Poor Bachelorette. The eccentric New Zealand solo artist makes a rare appearance on British soil, commences her show with a strong run of off-kilter synth-pop that recalls the lo-fi ethic of Casiotone for the Painfully Alone, hypnotises the audience with visuals akin to a Ceefax page having a seizure…then her Ableton software fails on her. To be honest, it’s a minor miracle that in an era where so much is dependent on laptops, iPods and other digital gewgaws that Blue Screens of Death don’t scupper (or at least moderately inconvenience) live performances more often. To her credit, she deals with it well. But one excellent chiptune-esque number apart, she never quite regains the momentum of the earlier half of her set, which is a shame as at her best, she’s more intriguing than a small-venue support act has any right to be.
Thankfully, the Gods of Live Music looked down more kindly on headliners Wye Oak. The last time I reviewed the Baltimore duo for The Line of Best Fit, back in 2011, I commented that their moniker may engender misleading presumptions about the music they play (I personally anticipated a bunch of real-ale drinkers prancing about with lutes). They are in fact a much more interesting - and considerably less irritating - proposition, especially given their recent shift towards more synth-driven songwriting on latest album Shriek.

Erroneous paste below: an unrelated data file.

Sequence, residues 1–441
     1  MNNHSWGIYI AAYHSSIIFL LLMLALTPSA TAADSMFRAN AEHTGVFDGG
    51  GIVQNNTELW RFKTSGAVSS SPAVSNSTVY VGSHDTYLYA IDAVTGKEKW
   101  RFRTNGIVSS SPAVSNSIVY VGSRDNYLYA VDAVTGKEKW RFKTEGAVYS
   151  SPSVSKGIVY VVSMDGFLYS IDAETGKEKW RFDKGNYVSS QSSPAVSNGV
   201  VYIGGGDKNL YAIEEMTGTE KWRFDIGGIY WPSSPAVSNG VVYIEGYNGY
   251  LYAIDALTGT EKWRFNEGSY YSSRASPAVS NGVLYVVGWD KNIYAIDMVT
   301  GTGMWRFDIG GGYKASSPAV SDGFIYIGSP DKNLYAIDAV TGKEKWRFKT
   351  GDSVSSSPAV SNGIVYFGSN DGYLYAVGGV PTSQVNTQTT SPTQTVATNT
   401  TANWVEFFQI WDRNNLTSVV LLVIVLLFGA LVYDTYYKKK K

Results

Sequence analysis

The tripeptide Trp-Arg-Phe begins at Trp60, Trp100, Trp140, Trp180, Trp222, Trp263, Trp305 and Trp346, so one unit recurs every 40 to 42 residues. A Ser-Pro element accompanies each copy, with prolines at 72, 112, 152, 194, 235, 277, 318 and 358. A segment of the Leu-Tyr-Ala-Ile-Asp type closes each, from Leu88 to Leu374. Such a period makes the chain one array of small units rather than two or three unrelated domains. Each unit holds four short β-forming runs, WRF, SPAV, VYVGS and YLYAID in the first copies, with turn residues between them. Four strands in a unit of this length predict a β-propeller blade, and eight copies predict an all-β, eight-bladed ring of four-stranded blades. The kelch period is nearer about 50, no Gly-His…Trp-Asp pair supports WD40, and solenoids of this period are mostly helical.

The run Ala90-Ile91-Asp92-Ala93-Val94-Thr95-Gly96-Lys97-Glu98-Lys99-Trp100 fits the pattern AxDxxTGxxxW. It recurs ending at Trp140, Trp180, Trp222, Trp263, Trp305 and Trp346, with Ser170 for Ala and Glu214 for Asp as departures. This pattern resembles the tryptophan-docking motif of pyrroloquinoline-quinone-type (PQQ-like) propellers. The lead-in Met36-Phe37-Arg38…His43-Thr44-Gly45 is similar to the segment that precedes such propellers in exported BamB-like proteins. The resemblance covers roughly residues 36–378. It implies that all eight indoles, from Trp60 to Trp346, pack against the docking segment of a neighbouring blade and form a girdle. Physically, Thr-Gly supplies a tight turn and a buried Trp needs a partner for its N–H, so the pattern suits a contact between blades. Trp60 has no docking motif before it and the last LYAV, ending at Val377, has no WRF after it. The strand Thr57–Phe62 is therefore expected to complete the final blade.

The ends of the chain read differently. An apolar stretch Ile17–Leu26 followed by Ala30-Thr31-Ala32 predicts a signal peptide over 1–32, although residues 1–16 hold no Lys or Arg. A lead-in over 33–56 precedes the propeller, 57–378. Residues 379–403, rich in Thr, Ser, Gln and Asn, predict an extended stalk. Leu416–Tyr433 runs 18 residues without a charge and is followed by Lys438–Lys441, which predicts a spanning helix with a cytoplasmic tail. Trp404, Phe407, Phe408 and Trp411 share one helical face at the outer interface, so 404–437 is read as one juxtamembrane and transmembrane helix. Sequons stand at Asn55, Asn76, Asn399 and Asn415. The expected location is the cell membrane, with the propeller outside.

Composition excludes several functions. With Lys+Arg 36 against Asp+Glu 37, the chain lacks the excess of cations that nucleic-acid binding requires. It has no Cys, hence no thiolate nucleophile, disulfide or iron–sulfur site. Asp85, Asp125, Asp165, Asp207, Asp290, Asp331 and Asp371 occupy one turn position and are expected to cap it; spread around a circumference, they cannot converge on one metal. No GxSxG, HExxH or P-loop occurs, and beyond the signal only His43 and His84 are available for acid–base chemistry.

For one thing, for a band consisting of only two members, they sure make one hell of a racket. Andy Stack is a rhythmic powerhouse on drums and keyboards, fluidly shifting between the two mid-song, mid-verse, mid-bar, whilst Jenn Wasner’s husky vocals, rumbling bass riffs and new-found 80’s synth lines (at one point I was convinced they were going to break into Toto’s “Africa”) lend their indie rock balladry both power and subtlety. There’s no visuals, no gimmicks, no pretention here- just good, old fashioned solid songwriting, light on cliches and heavy on atmosphere. Some might bemoan the more electronic direction the band have gone in recent years - indeed, they even employ a backing track from time to time, albeit in subtle fashion- but their more earthy, folk-influenced work hasn’t been completely jettisoned. Indeed, the best-received songs of the night were those that comprised the encore - a moody and effective cover of Kate Bush classic “Running Up That Hill”, the Big Hit “Civilian” and a solo acoustic rendition of “Doubt” - none of which featured any electronics at all. Perhaps, especially given the technical hitches earlier in the evening, there’s sometimes truth in the old dictum “less is more”?